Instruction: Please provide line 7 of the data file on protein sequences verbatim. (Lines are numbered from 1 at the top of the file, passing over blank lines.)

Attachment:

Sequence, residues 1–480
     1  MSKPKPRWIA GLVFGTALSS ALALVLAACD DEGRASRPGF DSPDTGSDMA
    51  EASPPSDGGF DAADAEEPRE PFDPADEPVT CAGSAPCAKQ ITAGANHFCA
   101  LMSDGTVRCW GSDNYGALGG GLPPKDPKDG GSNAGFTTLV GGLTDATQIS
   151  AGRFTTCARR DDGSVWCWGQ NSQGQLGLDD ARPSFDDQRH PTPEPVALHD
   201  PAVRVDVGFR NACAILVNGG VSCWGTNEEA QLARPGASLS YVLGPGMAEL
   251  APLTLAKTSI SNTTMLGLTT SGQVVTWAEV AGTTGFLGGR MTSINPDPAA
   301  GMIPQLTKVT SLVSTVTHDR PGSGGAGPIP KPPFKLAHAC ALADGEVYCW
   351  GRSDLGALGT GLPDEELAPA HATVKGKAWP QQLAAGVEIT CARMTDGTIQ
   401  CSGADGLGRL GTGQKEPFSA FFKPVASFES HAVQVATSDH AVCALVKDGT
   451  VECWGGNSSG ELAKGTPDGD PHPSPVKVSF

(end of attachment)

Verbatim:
   251  APLTLAKTSI SNTTMLGLTT SGQVVTWAEV AGTTGFLGGR MTSINPDPAA